The Childhood Trauma Questionnaire (CTQ) is a 28-item self-report instrument developed by Bernstein et al. that evaluates emotional, physical, and sexual abuse and physical and emotional neglect during childhood.23 Possible scores for each type of childhood trauma range from 1 to 5. The sum of the scores derived from each trauma type provides the total score, ranging from 5 to 25. Cronbach's alpha for the factors related to each trauma type ranges from 0.79 to 0.94, indicating high internal consistency.23 The unpublished 1996 translation by V. Sar was used in the present study. Previous studies in Turkey supported the validity of this instrument.24,25

Statistical analysis

Frequency and percentage were used for sociodemographic variables. χ2 statistics (Fisher exact test where appropriate) were used for comparison of patients on categorical variables. Mann–Whitney U-test was used to compare the dissociative and non-dissociative groups on continuously distributed variables. Bonferroni correction was used to minimize type I statistical errors. Logistic regression was performed using suicidal ideation as the dependent variable and six clinical items as independent variables. For all statistical analysis the level of significance was set at P = 0.05 unless otherwise indicated.

RESULTS

All patients had a DSM-IV dissociative disorder as determined on DDIS. Twenty-seven patients (65.9%) had dissociative identity disorder and 13 patients (31.7%) had dissociative disorder not otherwise specified. All patients had the lifetime diagnosis of major depressive disorder while 77.5% (n = 31) had a current major depressive episode as well. Seventeen patients (42.5%) had borderline personality disorder and 13 patients (32.5%) had somatization disorder. Thirty-eight patients (95.0%) reported at least one type of childhood abuse and/or neglect. The mean DES score was 42.6 ± 21.2 with a range of 15.0–88.6.

According to evaluation based on Beck Suicidal Ideation Scale (BSI), 15 patients had suicidal ideas or plans of various degree. The mean BSI score of the suicidal group was 19.1 ± 9.0 (range, 7.0–36.0). There was no significant difference on age between suicidal (24.9 ± 5.8) and non-suicidal (26.3 ± 6.5) patients (z = −0.88, P = 0.377). Gender distribution did not differ between the two groups either: 13 versus 18 patients in either group were female, respectively (Fisher's exact test, P = 0.440).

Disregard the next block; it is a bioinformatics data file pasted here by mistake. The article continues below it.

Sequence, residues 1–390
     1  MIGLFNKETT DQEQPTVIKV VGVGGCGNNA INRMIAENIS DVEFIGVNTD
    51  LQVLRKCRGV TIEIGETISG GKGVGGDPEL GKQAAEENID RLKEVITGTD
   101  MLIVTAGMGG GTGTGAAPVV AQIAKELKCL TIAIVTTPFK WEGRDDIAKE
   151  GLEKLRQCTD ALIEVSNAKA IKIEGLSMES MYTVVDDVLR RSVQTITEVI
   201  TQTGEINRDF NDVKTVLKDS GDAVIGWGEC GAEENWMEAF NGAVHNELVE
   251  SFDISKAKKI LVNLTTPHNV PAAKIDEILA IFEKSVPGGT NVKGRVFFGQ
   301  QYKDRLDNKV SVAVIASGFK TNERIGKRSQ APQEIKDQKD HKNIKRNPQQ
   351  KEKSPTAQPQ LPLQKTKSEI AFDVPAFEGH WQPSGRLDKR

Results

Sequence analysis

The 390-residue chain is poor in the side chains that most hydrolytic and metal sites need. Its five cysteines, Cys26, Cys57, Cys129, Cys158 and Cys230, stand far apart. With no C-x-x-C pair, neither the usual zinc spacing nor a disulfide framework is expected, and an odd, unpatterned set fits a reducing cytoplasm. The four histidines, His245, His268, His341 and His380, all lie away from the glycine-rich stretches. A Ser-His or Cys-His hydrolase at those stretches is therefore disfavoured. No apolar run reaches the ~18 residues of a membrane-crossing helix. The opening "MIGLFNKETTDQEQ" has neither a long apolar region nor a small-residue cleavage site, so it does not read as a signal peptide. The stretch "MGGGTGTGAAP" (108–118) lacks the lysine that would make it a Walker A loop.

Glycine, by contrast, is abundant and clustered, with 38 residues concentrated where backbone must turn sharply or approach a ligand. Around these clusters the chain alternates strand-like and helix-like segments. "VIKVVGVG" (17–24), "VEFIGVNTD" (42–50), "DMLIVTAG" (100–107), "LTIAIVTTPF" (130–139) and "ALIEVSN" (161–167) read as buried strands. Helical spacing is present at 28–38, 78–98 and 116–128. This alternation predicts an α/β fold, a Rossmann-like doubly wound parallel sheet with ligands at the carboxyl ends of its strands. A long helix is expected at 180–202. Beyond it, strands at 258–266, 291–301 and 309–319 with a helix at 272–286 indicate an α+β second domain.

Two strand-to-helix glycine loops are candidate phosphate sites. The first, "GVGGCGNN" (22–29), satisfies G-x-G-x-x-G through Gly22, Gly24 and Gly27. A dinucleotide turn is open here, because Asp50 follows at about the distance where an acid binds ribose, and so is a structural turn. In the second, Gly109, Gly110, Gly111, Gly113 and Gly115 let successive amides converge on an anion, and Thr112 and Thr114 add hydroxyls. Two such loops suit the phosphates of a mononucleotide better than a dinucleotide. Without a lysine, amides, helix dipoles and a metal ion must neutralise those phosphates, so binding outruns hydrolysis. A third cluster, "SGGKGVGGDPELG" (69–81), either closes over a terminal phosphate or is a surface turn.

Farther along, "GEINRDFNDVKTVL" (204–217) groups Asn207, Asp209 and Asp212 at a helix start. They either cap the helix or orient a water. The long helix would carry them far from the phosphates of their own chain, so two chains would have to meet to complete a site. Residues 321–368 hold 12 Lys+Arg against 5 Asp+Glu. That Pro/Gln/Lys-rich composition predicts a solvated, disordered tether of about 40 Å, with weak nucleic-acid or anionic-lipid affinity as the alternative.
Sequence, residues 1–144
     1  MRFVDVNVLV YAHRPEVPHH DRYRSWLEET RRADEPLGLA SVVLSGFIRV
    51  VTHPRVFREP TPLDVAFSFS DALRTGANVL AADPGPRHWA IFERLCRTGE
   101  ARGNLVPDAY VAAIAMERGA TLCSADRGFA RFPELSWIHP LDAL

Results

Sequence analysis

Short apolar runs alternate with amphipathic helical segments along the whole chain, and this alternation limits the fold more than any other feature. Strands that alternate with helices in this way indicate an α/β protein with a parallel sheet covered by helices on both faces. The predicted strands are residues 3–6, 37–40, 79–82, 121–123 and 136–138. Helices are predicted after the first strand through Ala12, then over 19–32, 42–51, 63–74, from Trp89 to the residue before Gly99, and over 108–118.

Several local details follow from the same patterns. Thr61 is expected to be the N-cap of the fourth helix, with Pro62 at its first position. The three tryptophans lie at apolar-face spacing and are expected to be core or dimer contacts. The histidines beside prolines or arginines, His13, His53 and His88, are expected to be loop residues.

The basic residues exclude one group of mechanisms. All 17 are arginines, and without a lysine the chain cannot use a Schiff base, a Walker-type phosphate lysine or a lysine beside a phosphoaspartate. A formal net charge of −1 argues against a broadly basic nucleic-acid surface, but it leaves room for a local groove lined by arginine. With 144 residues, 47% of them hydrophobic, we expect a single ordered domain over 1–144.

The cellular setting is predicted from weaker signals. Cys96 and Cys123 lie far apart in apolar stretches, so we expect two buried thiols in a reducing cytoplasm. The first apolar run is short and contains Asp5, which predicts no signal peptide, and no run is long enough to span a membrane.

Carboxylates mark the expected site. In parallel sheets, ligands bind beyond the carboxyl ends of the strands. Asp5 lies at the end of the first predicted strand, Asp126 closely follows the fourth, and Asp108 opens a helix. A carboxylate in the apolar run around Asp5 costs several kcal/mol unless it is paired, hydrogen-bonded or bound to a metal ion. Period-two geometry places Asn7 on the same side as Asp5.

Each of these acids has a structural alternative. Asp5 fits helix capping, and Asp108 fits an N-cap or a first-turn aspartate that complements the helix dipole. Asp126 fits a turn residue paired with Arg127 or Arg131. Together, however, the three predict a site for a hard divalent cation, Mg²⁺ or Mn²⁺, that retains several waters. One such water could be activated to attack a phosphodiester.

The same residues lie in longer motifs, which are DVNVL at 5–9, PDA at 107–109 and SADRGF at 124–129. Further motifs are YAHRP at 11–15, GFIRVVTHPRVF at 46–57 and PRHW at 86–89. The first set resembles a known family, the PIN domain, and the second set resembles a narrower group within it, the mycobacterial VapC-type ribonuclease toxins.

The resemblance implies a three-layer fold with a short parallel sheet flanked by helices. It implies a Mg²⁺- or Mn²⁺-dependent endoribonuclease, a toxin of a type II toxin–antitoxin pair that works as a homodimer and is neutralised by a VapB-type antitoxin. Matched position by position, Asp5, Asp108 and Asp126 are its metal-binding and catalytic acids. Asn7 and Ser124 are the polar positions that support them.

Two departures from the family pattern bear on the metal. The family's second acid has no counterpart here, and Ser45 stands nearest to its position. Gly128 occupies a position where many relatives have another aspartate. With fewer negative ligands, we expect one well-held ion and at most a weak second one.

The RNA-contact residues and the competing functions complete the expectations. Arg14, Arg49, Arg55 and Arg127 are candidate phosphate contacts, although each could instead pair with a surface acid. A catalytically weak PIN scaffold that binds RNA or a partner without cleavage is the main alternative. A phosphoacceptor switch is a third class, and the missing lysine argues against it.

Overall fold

Table 1 demonstrates a comparison between suicidal and non-suicidal dissociative patients on various clinical and mental health history items. After Bonferroni correction, the suicidal group had concurrent somatization disorder and a history of childhood physical abuse more frequently than the remaining patients. The suicidal group had a higher mean number of somatoform and Schneiderian symptoms, borderline personality disorder criteria, secondary symptoms of dissociative identity disorder, and previous suicide attempts. They also had elevated scores on trait (DES) and state (CADSS) dissociation measures (Table 2). The suicidal (mean, 22.7 ± 6.36) and non-suicidal groups (mean, 21.4 ± 5.26) did not differ on age of first contact with psychiatric treatment (z = −0.574, P = 0.566).

Table 1.  Mental health history of dissociative disorder patients vs suicidal ideation status
 Suicidal (n = 15)Not suicidal (n = 25)χ2 (d.f. = 1)P
n%n%
  1. After Bonferroni correction, significance level was set at 0.005.

  2. DDIS, Dissociative Disorders Interview Schedule; SCID-II, Structured Clinical Interview for DSM-IV Personality Disorders.

Concurrent diagnosis      
 Somatization disorder (DDIS)1280.0416.016.000.000
 Borderline personality disorder (SCID-II)1066.7728.05.740.017
 Dissociative identity disorder (DDIS)1386.71456.0Fisher's exact test0.080
 Current major depression (DDIS)1386.71872.0Fisher's exact test0.440
Mental health history items (DDIS)      
 Self-mutilative behavior1493.31768.0Fisher's exact test0.117
 Previous suicide attempt1280.01144.04.970.026
 Childhood physical abuse1386.7936.09.720.002
 Childhood neglect1386.71248.05.980.014
 Childhood sexual abuse1173.31144.03.260.071